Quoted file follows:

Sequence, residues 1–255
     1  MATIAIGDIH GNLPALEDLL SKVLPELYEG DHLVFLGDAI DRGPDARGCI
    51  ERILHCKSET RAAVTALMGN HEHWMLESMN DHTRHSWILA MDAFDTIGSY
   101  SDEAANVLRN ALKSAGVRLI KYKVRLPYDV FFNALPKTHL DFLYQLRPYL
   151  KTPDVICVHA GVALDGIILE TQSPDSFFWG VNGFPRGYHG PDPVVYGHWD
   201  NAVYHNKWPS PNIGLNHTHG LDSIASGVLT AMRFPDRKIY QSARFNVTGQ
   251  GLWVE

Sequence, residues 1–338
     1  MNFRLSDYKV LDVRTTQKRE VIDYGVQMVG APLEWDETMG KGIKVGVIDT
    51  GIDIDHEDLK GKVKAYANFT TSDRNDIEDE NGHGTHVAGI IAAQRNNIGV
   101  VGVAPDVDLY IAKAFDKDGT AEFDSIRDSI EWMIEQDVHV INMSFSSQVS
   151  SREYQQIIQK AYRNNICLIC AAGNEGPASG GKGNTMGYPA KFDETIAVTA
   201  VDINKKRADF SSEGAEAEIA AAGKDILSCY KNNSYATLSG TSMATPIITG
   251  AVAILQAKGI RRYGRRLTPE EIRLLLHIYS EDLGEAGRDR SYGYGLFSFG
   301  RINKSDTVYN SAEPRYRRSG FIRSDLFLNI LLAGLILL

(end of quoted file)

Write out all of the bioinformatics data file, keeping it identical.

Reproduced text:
Sequence, residues 1–255
     1  MATIAIGDIH GNLPALEDLL SKVLPELYEG DHLVFLGDAI DRGPDARGCI
    51  ERILHCKSET RAAVTALMGN HEHWMLESMN DHTRHSWILA MDAFDTIGSY
   101  SDEAANVLRN ALKSAGVRLI KYKVRLPYDV FFNALPKTHL DFLYQLRPYL
   151  KTPDVICVHA GVALDGIILE TQSPDSFFWG VNGFPRGYHG PDPVVYGHWD
   201  NAVYHNKWPS PNIGLNHTHG LDSIASGVLT AMRFPDRKIY QSARFNVTGQ
   251  GLWVE

Sequence, residues 1–338
     1  MNFRLSDYKV LDVRTTQKRE VIDYGVQMVG APLEWDETMG KGIKVGVIDT
    51  GIDIDHEDLK GKVKAYANFT TSDRNDIEDE NGHGTHVAGI IAAQRNNIGV
   101  VGVAPDVDLY IAKAFDKDGT AEFDSIRDSI EWMIEQDVHV INMSFSSQVS
   151  SREYQQIIQK AYRNNICLIC AAGNEGPASG GKGNTMGYPA KFDETIAVTA
   201  VDINKKRADF SSEGAEAEIA AAGKDILSCY KNNSYATLSG TSMATPIITG
   251  AVAILQAKGI RRYGRRLTPE EIRLLLHIYS EDLGEAGRDR SYGYGLFSFG
   301  RINKSDTVYN SAEPRYRRSG FIRSDLFLNI LLAGLILL